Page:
Bridges & Jonas: Winners Even In Defeat

Bridges & Jonas: Winners Even In Defeat

Boxing has always been a passion, a lifetime of fights, watching from a distance, real connections to fighters rare. There were favourites, the ups and downs of following Frank Bruno, the emotional nights of Barry McGuigan, fights that stopped a nation. The shattered dreams of Herol Graham, a case of so near yet so far. Home-grown talent that left memories to last a lifetime.

The sheer brilliance of Sugar Ray Leonard, the mesmerising skills that beat every fighter in his prime. Leonard was extra special in an era of special fighters. I cared for some more than others, real emotional investment reserved for a select few.

The late switch in life to writing about and interviewing fighters has brought new meaning to emotional investment, extra respect for the fighters that give us so much. More than perhaps they should give. Some fighters you speak to, you quickly realise it will be a one-off, with others, it becomes much more.

Some you get to know on a more personal level, friends, I dare not presume, a good working relationship formed with trust, I have a little more hope.

When they fight, it becomes a little more, you suffer when they fail, exhale when they don’t. The roller-coaster of emotions, the sport you have loved becomes a little more personal. All of a sudden its different.

The Australian Ebanie Bridges, an enigma to some, anything but to those that have an open mind. Last year Bridges is on the list of potential interviews, you notice her, the self-promotion has worked, any prospective journalist is put on red alert, Bridges wants in. You get tagged in, you are now the hunted. No outlet out of reach, Bridges wants her name out there, a simple but brilliant premise others don’t get.

Very quickly you realise Bridges has something, she makes you believe, some don’t see, but the Australian hopeful has something very few have. Others can learn from her but they won’t be able to copy her.

The gap in the market, her contemporaries moan and resent. Bridges ignores the hate from some, she wants to be different, she is different. It’s not just a PR phenomenon, Bridges likes to fight, she genuinely craves to be a world champion. The born entertainer who wants to put on exciting fights. What’s wrong with that, why is that hard to understand or appreciate.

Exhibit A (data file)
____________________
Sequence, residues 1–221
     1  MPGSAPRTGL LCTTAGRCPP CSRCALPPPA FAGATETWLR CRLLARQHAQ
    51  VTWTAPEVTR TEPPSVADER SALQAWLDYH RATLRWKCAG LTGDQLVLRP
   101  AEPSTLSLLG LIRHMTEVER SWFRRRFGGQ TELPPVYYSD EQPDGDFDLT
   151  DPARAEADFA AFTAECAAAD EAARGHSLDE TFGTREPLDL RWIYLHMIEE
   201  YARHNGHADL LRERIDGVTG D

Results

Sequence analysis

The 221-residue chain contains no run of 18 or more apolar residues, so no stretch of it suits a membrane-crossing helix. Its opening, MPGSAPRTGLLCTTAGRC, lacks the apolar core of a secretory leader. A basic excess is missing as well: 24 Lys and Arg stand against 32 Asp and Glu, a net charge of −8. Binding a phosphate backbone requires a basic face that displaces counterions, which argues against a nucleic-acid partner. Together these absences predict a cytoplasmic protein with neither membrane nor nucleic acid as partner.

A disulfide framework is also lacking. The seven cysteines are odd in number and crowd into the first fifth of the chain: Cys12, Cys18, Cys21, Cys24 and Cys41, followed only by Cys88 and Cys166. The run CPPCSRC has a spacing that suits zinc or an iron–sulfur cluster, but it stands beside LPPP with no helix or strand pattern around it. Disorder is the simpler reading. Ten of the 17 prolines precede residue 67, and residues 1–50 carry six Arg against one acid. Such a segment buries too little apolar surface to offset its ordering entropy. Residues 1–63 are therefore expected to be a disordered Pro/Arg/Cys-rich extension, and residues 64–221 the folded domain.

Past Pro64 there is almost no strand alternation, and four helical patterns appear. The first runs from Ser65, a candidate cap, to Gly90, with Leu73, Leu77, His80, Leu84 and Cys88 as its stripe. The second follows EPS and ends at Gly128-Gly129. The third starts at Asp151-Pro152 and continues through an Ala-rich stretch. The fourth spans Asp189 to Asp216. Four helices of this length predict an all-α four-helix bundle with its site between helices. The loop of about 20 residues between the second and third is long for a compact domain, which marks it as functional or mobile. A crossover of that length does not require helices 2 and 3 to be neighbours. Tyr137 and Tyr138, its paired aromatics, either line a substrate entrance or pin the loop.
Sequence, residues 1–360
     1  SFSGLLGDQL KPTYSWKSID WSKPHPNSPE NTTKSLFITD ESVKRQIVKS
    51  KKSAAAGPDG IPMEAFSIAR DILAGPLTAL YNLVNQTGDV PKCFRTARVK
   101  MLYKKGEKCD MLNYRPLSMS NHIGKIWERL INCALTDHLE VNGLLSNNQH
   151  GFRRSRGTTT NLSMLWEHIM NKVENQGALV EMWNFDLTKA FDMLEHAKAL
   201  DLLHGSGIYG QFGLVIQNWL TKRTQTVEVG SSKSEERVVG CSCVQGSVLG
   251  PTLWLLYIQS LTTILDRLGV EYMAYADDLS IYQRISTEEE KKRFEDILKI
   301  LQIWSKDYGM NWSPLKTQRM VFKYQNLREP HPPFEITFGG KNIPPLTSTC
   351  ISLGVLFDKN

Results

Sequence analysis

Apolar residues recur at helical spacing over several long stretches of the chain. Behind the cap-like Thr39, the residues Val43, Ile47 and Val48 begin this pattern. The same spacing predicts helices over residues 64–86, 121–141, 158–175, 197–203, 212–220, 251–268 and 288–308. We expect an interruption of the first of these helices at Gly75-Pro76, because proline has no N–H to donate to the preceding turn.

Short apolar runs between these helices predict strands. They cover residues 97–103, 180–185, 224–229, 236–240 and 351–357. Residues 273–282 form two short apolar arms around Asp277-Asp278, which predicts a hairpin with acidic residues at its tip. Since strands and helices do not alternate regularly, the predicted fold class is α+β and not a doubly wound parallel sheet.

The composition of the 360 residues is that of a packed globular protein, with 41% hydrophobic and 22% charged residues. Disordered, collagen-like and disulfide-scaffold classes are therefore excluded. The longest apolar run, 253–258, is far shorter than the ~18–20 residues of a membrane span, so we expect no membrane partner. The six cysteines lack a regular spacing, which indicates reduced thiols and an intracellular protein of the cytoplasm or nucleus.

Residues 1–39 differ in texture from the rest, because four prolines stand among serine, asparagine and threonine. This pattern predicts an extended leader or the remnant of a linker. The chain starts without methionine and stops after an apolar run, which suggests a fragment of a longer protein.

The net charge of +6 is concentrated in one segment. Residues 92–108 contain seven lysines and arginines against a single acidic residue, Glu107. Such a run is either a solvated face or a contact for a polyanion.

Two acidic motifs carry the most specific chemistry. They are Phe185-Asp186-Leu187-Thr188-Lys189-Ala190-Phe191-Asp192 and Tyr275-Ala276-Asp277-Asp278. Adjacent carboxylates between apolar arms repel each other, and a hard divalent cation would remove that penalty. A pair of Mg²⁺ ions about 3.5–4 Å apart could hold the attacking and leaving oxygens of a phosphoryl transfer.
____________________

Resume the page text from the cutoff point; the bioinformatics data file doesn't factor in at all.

The recent world title fight with Shannon Courtenay was a hard watch but equally everything Bridges promised. The blood, the guts and heart, the story unfolding, the two fighters trading shots in search of a belt that meant so much to them. The emotional investment making the watch a little more personal. The grotesque swelling another little twist, further proof of what Bridges really is about.

Bridges was written off prior, long odds against her, her critics hoping those odds would reflect the outcome. Bridges would lose, and lose badly, never to be seen or heard from again. They would cheer, acknowledge smugly that they were right all along, and then wait by their phones for the next one in line.

But even in defeat, her stock rose, Bridges stayed in the UK, she’s still here. The story continues, Bridges has a way of pulling you in the more you talk to her, there is depth to Bridges and her story.

Natasha Jonas on Saturday night in Manchester came so close to beating Katie Taylor, 60 seconds from the end, she was set to win. Heading into the last round, two judges had it dead even. The first minute of the 10th and final round Jonas won, and won it well. Taylor knew it was close, the unbeaten record, the undisputed and all the plans for the future, everything was in real danger of crumbling. But the champion found something only the very best have.

Jonas was exceptional on the night, but Taylor just found a little more, the difference was miniscule, a wafer thin margin between success and failure. Agonisingly close to realising her dream, tears would have been excused, we got class and a desire to go again.

But like Bridges, Jonas’s stock rose, yet again exceeding expectations on the highest possible stage. Both will get further opportunities.

Jonas is the fighter I have spoken to the most, and I understood what the fight meant to her, it was everything. The win would have resulted in the inner peace she was looking for, completion of her sporting journey. The fight with Taylor was memorable, it was always going to steal the show. Anyone who knows boxing could see it. The fight deserved to be the headliner, it deserved a crowd, it deserved better. We deserve to see it again.

I felt for Jonas, I know how confident she was, what it meant to her. Hopefully, the incredible performance will offer her some semblance of comfort. It should, you can be a champion in different ways.

Ebanie Bridges and Natasha Jonas have shown that you can be a winner even in defeat.

Jonas and Bridges and a few others, tug at the heartstrings, they make the sport even more personal. I hadn’t bargained for this, as it goes on it will undoubtedly get worse. Other fighters with different stories will invade the emotions, and then when they fight each other, how can you choose who to cheer for. Do you even watch it. It’s bad now, it will only get worse.

Photo Credit: Mark Robinson/Matchroom Boxing

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